Other tech giants' executives also shared their unique insights on the next step for AI development during the WEF meeting.

OpenAI CEO Sam Altman said that general AI (AGI) with the same or even higher level of human intelligence could be developed in the near future. However, he said that future AI development cannot be separated from breakthroughs in the field of energy, because AI consumes electricity far beyond people's expectations. He believes that the solution to this problem is to develop environmentally friendly energy, especially nuclear fusion or cheaper solar energy and energy storage.

Meta Platforms' global business group head, Menlo Santos, believes that the new AI era represents a "major moment" that the tech industry has not seen in a decade. For 2024, Santos said that the focus should be on the potential for AI to benefit human society, while also paying attention to the risks associated with AI technology.

In Intel CEO Pat Gelsinger's view, the focus in 2024 should be on improving the accuracy of results, so that executives in high-risk industries such as hospitals and manufacturing can use AI with confidence. He explained that the importance of AI accuracy is self-evident, whether it is a doctor who relies on AGI for diagnosis, a warehouse that uses AI to check assembly line faults, or autonomous driving.

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Timely government regulation needed

Despite the broad prospects for AI development and its leading role in innovation, the risk of AI is also a hot topic of discussion. One of the most common concerns is that AI will soon replace human jobs.

On January 14, the IMF released a report on AI. The IMF noted that about 60% of jobs could be impacted by AI in high-income nations, and roughly half of these may benefit from AI integration to boost productivity.

Comparatively, AI exposure was estimated to come in at 40% in emerging markets and at 26% in low-income countries, respectively.

The report states, “We are on the brink of a technological revolution that could jumpstart productivity, boost global growth and raise incomes around the world. Yet it could also replace jobs and deepen inequality,” Georgieva said."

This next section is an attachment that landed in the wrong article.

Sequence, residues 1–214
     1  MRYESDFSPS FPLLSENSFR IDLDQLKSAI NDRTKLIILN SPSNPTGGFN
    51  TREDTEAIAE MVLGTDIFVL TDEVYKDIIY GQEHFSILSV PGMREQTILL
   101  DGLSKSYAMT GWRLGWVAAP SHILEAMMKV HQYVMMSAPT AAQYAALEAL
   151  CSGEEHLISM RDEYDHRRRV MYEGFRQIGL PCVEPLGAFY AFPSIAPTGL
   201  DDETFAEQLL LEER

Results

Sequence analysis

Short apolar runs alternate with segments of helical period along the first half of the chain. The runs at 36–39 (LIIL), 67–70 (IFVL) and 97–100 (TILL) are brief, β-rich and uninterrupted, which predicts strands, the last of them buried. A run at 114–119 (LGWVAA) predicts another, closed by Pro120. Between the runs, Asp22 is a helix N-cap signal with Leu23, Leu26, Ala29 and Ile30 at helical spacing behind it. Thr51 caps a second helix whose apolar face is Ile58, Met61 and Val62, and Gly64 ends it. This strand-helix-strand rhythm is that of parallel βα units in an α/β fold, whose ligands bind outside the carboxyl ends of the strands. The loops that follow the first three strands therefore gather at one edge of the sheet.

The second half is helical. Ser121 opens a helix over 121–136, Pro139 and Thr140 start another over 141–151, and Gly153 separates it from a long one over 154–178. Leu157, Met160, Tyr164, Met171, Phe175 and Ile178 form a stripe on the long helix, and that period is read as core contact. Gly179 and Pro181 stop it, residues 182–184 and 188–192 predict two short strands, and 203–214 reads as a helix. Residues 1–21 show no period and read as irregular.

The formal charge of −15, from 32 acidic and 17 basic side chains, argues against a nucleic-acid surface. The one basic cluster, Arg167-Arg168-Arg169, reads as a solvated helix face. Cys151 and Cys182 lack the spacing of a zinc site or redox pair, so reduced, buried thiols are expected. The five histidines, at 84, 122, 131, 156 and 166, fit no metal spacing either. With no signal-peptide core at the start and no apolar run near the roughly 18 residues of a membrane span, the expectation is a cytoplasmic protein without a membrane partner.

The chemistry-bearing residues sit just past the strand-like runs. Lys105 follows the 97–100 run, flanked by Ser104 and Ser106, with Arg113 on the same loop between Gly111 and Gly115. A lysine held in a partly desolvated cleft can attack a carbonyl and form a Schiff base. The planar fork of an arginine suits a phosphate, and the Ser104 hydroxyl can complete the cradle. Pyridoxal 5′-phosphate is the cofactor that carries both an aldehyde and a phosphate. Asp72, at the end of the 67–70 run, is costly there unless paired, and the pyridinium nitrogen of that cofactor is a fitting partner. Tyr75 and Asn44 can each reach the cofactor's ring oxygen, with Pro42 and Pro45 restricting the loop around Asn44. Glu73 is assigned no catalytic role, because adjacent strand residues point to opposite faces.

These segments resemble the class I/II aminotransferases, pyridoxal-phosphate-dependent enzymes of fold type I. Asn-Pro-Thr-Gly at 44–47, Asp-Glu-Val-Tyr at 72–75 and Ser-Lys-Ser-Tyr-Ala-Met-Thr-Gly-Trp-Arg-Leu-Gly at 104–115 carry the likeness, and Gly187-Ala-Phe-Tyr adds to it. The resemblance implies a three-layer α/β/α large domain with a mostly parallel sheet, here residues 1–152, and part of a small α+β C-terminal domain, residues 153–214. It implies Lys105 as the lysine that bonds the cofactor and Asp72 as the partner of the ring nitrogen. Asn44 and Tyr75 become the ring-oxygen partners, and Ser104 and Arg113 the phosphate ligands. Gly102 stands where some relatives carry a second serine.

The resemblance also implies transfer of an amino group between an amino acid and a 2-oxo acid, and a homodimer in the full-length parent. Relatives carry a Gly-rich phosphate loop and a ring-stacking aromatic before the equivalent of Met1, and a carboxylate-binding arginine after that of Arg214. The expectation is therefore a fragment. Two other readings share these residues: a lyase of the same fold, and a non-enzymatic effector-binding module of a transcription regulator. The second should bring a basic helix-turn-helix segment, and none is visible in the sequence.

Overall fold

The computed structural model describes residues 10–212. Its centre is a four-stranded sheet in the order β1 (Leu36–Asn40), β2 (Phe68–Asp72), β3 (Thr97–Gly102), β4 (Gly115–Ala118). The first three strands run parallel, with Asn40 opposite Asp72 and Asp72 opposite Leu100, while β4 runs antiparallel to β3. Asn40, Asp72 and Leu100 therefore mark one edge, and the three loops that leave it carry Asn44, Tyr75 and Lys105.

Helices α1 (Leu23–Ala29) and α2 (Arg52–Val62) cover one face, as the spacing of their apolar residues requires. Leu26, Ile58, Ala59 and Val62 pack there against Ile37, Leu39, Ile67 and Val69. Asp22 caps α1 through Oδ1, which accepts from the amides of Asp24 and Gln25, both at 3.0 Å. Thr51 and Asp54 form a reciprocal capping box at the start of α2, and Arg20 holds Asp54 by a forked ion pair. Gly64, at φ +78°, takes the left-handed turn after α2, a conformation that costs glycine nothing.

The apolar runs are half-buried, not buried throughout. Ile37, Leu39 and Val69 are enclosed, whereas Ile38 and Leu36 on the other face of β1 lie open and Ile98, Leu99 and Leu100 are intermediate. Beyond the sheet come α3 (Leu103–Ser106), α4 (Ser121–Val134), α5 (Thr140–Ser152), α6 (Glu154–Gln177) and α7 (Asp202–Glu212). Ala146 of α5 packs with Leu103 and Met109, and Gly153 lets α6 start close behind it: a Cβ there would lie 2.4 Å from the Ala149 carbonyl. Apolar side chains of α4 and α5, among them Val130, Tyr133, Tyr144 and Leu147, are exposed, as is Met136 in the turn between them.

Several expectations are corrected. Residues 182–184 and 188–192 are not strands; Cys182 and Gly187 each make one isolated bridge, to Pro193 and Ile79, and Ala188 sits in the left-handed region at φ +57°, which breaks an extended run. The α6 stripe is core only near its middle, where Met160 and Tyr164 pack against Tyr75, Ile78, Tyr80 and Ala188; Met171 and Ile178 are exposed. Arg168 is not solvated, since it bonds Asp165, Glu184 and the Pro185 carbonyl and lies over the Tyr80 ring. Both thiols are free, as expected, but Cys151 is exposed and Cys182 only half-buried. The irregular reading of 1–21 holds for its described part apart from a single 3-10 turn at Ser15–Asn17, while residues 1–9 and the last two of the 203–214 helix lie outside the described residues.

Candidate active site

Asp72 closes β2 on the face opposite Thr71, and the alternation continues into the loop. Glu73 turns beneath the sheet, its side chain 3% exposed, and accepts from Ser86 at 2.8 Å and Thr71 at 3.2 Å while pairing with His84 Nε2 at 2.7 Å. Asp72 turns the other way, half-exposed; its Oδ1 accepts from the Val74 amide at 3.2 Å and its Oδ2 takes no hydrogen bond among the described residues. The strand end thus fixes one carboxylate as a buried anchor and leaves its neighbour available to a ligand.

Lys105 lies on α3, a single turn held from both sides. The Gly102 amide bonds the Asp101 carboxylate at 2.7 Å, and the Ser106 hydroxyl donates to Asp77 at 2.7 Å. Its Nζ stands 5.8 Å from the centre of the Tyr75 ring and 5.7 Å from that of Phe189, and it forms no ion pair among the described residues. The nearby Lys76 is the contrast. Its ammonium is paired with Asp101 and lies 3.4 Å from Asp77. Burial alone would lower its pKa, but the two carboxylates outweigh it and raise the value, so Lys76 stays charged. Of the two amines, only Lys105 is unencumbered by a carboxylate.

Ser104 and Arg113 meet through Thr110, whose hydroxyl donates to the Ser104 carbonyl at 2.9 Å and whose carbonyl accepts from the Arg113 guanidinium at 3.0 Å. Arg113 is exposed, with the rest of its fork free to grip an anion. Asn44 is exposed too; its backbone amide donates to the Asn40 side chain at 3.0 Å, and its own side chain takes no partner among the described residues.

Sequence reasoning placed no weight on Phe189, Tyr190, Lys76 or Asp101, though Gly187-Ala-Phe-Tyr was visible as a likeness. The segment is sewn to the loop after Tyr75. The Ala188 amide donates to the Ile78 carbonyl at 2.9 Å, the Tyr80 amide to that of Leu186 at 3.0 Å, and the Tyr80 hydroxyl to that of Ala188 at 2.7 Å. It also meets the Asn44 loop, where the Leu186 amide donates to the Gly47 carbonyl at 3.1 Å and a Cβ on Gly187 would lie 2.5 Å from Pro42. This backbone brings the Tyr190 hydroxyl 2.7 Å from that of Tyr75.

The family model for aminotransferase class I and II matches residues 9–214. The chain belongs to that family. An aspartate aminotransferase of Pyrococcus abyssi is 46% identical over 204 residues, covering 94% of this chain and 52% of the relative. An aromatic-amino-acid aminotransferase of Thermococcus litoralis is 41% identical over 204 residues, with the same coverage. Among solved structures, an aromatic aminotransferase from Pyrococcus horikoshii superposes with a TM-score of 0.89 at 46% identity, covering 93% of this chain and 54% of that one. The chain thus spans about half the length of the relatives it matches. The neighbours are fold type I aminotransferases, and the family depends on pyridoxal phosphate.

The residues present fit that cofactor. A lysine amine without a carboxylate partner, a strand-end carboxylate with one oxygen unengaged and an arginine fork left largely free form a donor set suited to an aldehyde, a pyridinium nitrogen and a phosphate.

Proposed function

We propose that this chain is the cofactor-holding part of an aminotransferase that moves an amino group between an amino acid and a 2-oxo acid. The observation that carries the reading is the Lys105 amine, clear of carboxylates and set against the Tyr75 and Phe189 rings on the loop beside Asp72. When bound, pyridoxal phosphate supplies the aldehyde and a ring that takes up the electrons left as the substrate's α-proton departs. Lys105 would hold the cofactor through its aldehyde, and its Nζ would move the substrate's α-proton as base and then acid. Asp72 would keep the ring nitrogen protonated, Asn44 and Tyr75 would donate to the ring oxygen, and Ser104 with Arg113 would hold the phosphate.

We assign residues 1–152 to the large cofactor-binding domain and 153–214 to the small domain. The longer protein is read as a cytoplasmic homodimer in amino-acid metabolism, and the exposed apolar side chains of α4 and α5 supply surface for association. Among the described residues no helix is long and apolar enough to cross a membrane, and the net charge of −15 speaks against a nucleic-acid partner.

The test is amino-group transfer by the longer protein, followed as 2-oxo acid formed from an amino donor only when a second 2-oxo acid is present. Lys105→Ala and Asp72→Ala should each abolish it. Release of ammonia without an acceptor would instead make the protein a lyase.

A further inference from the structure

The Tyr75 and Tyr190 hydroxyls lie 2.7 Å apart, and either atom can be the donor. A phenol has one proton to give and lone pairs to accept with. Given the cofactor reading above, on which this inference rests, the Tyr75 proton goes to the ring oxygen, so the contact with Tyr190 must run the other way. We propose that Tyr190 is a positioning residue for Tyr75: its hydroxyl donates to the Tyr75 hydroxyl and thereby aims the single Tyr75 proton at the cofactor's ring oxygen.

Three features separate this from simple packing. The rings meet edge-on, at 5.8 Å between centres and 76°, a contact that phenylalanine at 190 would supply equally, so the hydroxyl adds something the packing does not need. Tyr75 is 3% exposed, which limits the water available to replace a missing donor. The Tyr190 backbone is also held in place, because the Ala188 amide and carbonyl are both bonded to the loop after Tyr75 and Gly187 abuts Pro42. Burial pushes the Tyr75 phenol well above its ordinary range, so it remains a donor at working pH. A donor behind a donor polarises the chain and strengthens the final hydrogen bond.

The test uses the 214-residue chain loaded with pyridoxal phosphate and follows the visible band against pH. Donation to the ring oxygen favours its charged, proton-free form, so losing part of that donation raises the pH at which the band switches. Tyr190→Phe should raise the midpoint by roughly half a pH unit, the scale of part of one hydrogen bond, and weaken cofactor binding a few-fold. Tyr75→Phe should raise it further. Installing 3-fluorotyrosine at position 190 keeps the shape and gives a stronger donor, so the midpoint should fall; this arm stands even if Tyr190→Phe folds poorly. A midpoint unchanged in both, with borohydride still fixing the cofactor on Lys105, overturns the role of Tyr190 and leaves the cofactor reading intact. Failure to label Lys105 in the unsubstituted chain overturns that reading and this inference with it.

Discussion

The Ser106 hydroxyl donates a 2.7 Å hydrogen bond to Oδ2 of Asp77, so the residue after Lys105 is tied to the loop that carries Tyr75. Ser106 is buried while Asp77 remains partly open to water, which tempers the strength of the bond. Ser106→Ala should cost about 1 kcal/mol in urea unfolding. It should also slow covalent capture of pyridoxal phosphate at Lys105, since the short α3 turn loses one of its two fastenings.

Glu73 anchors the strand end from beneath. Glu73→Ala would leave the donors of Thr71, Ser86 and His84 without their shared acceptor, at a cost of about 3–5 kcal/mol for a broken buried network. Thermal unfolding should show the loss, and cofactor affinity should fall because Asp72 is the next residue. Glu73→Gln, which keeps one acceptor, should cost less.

The findings suggest that emerging markets and low-income countries face fewer disruptions from AI in the short-term. The IMF notes that many of these nations don’t have the infrastructure of skilled workers to harness the immediate benefits of AI, raising the risk that the tech could worsen inequality.

However, there are also some different voices on whether AI is about to replace human jobs. Altman said at the WEF that "It will change the world much less than we all think and it will change jobs much less than we all think". He believes that while AI has become "an incredibly productive tool," it has not replaced jobs on a large scale, as many economists feared.

In 2013, researchers at Oxford University published a startling number about the future of work: 47 percent of all United States jobs, they estimated, were “at risk” of automation “over some unspecified number of years, perhaps a decade or two.” However, in the past decade, the average unemployment rate in developed countries has fallen by about half, and the employment rate of the working-age population is at an all-time high. Japan, Singapore, and South Korea, where automation and robotics are most widely used, have the lowest unemployment rates.

Of course, the risks posed by AI are not limited to this. Yaser said, "In 2023, we also saw the rise of legal issues such as the copyright of data that was used for training these systems, and ethical and philosophical questions that are still being formulated.

Based on this, he believes that policymakers need to take action immediately. "AI will enhance human capabilities, but regulatory measures aimed at ensuring these positive outcomes should also be timely," Yaser said.

"Unemployment and social inequality could happen soon, so governments should pay attention to this risk before it causes economic and social problems. "On the constructive side, they need to provide resources to non-commercial AI researchers to compete with commercially motivated research. On the protective side, realistic and practical legislation and regulation is urgently needed to mitigate the risks of AI crimes," Yaser added.

Editor: Alexander